However, there was still a serious obstacle that had to be overcome. In one of the groups of the second year of ESO (Spanish Compulsory Secondary Education) of the first high school I visited, there was an assembly of 14- and 15-year-old students on the brink of abandoning their studies and, consequently, deeply uninterested in the curriculum. Instead of utilizing the examples previously mentioned, I opted for the use of catchy fragments from J. D. Salinger’s The Catcher in the Rye. The figure of the rebellious protagonist Holden Caulfield together with a reference to the presence of swear words in the book and a selection of expressions from the text such as ‘Sex is something I really don’t understand too hot’ or ‘Mothers are all slightly insane’ were enough to immediately catch their attention.


Learners’ representations of the Unites States

The next step consisted of exploring the students’ knowledge of the United States and of Americans. In order to do so, in the first high school I visited, 70 students ranging from ages 12 to 14 were asked to brainstorm ideas about things American. As a result, they mentioned the flag of the United States and referred to conventional stereotypes regarding food and garments, such as hamburgers, hot dogs, cowboy hats and jeans. They drew on prior knowledge and on classmates’ comments. Afterwards they were [End of Page 50] requested to draw an American citizen. The majority of sketches centered on the idea of a white male patriot, wearing a cowboy hat and waving a flag, eating a hamburger or a hot dog, and drinking Coke.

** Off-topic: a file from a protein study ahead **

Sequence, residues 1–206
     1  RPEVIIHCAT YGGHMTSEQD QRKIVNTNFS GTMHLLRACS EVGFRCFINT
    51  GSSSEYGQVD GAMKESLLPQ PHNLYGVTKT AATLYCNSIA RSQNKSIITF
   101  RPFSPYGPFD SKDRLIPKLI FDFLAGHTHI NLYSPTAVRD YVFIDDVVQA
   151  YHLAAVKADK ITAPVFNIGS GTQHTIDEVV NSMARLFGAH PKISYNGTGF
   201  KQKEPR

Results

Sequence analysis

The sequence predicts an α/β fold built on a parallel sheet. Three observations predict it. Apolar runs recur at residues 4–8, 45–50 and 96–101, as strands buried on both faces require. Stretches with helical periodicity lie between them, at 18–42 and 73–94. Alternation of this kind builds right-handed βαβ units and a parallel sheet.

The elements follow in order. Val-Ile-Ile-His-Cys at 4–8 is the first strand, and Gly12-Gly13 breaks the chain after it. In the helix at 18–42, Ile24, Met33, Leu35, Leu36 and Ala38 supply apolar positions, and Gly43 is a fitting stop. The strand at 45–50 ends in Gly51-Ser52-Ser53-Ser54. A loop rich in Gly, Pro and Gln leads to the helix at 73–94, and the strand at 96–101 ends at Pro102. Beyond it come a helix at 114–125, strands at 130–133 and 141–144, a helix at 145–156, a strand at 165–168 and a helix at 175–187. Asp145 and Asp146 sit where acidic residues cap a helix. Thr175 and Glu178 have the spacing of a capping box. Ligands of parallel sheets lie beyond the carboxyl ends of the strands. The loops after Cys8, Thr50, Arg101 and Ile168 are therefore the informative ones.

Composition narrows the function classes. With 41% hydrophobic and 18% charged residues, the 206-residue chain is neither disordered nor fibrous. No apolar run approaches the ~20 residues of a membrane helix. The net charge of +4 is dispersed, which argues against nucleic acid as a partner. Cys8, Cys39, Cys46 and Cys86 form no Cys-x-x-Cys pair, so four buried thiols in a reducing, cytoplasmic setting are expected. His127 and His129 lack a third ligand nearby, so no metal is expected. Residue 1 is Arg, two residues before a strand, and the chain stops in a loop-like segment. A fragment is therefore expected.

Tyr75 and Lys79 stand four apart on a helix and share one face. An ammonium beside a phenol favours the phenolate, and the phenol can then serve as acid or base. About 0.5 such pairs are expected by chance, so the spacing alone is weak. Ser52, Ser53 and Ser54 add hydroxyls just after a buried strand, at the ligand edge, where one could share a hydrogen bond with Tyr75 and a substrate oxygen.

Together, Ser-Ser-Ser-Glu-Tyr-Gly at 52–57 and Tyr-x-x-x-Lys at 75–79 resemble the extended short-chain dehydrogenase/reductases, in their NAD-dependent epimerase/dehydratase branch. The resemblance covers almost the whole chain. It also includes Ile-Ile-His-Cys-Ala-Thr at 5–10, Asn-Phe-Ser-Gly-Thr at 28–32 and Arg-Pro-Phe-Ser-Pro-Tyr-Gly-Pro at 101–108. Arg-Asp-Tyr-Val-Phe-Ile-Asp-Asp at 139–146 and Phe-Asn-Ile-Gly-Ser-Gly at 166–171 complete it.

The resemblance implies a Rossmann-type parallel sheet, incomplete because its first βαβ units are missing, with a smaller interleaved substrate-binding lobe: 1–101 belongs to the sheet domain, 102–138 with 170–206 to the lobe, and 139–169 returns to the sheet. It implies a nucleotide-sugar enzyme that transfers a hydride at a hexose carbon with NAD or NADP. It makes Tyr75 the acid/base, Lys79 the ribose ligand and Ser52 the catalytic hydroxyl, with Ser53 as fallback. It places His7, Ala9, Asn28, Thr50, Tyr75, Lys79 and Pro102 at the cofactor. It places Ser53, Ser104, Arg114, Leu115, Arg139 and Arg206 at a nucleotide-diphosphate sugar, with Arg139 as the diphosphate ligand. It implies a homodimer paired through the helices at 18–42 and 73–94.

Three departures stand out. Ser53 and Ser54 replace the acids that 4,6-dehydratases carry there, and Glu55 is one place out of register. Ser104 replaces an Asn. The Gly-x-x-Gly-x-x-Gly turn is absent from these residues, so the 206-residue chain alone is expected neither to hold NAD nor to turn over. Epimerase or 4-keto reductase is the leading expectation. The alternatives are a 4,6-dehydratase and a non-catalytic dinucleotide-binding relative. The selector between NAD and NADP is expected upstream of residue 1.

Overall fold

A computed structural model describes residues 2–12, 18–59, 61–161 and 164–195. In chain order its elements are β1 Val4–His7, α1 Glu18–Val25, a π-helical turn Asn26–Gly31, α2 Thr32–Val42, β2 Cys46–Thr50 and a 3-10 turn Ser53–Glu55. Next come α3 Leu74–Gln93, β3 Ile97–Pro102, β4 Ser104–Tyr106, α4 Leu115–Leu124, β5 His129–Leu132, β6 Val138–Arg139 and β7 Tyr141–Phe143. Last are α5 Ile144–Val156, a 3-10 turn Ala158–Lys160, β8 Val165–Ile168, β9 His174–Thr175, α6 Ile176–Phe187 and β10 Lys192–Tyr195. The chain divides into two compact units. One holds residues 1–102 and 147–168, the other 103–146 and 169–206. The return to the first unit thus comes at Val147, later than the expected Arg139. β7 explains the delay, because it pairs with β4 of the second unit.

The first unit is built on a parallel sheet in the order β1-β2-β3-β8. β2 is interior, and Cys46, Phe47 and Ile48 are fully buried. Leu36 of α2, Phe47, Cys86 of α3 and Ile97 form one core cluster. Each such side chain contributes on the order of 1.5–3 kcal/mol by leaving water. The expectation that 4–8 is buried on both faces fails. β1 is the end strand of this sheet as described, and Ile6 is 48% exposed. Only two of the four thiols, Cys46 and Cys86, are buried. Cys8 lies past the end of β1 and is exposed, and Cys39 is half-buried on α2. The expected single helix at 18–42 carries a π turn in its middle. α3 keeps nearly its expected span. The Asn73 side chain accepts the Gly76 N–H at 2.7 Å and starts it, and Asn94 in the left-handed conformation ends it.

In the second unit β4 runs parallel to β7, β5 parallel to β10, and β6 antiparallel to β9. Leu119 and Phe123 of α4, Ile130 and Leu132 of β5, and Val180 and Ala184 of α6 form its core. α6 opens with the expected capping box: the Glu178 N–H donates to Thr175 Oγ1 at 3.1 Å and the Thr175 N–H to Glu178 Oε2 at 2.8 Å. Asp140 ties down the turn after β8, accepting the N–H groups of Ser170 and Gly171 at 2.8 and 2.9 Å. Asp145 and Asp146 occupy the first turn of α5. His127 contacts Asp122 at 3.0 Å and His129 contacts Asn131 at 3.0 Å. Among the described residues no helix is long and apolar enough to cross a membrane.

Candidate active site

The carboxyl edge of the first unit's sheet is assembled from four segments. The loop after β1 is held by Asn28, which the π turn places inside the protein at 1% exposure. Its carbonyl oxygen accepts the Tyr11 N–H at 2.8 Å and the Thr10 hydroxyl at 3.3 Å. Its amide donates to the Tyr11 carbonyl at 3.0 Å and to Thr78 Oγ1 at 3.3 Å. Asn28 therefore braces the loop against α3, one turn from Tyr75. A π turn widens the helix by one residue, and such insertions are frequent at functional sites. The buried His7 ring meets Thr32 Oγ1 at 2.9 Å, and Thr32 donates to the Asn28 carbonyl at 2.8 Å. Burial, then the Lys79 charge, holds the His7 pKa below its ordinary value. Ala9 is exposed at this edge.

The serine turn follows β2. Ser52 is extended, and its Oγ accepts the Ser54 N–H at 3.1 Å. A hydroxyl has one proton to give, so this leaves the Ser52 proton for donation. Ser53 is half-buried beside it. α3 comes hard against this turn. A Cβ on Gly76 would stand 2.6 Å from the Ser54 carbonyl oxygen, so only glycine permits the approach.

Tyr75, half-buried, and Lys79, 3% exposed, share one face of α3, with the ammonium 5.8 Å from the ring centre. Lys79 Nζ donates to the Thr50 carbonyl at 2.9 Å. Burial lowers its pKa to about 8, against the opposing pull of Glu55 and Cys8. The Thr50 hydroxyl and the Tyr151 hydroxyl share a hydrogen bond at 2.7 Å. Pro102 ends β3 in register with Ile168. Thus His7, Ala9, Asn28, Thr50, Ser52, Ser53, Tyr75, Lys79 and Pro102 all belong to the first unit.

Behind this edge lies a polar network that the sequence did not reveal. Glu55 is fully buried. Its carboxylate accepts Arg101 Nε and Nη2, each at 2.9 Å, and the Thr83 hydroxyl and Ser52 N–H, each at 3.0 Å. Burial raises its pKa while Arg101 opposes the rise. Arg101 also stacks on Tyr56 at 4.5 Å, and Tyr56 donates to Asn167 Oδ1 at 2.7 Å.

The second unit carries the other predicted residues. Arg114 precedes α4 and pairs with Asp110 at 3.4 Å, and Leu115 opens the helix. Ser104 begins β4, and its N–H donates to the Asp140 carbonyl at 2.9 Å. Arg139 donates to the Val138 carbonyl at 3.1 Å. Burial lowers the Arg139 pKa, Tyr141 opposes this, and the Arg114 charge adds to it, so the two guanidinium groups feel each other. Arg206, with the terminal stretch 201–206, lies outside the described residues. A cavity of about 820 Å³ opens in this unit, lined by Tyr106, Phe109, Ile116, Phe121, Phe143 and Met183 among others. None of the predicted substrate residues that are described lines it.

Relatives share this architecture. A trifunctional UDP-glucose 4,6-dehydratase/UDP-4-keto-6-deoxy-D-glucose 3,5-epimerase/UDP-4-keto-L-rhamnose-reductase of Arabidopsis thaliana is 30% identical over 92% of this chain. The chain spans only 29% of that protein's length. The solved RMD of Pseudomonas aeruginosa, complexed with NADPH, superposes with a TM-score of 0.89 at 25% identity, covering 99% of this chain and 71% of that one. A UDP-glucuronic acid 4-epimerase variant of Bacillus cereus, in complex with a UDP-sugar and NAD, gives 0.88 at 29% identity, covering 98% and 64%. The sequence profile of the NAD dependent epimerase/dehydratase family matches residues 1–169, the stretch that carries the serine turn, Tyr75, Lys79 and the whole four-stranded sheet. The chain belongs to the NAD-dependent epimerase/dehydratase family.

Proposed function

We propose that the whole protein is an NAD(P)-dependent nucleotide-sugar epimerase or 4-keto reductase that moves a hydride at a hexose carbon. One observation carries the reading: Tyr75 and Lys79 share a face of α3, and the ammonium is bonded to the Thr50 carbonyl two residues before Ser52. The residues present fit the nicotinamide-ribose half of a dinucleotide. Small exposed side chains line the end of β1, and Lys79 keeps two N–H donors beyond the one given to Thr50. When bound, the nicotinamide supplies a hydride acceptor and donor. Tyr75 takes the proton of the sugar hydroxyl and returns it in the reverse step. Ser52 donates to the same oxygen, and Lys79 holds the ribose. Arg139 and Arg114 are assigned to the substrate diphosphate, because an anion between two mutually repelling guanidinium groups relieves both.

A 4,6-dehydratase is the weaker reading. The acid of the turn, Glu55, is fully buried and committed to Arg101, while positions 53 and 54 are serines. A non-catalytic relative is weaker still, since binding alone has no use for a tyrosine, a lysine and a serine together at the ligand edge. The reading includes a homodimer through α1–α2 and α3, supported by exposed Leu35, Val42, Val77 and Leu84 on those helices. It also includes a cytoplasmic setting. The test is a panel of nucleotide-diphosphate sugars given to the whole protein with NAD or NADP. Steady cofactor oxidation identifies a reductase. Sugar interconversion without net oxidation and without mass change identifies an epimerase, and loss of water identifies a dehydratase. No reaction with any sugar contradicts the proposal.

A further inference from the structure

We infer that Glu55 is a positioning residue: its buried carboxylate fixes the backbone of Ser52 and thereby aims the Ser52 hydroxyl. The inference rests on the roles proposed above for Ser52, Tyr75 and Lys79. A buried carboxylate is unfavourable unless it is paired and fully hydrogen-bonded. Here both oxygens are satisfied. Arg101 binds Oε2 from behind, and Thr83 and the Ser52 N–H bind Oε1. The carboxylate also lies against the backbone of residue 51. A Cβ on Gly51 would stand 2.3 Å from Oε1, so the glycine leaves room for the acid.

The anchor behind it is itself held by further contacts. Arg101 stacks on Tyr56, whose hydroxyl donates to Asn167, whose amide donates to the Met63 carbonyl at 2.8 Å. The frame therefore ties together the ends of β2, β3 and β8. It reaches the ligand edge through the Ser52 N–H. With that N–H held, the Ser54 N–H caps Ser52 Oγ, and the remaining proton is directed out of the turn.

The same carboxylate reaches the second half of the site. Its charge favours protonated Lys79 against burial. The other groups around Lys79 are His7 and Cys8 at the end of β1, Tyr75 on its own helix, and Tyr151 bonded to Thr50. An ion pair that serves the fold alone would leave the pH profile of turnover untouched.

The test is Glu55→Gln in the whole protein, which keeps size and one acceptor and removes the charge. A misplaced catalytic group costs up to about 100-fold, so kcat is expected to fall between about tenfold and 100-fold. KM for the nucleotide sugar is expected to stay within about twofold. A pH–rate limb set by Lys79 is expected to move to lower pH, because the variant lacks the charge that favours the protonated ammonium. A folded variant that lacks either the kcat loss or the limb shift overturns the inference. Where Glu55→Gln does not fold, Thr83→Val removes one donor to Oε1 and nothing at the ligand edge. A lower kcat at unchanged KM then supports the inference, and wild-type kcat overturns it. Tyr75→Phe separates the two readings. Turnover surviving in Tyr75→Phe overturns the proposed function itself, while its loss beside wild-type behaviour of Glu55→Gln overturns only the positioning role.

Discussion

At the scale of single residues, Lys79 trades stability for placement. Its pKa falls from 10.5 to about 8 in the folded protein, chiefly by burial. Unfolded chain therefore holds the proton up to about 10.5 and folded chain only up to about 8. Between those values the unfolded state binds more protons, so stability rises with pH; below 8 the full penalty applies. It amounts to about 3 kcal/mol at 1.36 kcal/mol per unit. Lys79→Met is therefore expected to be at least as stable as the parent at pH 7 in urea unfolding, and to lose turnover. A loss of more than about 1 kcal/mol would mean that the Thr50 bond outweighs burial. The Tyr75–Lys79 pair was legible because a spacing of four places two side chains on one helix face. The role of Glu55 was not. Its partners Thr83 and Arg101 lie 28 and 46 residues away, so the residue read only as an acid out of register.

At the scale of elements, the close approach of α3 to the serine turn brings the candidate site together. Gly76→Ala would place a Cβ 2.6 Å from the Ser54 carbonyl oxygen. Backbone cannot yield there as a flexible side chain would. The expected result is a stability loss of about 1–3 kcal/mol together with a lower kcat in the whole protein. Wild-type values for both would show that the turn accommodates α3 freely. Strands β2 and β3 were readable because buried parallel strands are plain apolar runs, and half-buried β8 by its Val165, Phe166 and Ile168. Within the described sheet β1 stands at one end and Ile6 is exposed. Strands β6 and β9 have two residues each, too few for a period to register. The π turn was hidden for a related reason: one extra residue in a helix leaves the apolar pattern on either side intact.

The remaining drawings generally offered more ‘neutral’ portraits in terms of cultural stereotyping but yet overwhelmingly agreed on the whiteness of the individuals. Within this group, which decided on white race as a defining trait of ‘Americanness’, 18 per cent of the participants decided on a male character whereas the other 13 per cent opted for presenting a female individual (see Figure 3).

Figure 3: Students’ responses to the question ‘What is an American?’ – High School 1

Among the 70 contributions, a single very outstanding exception was a student of Latino origin who chose to render the ethnic diversity of the United States of America and at the same time to underline the tragic fate of some of its members (see Figure 4).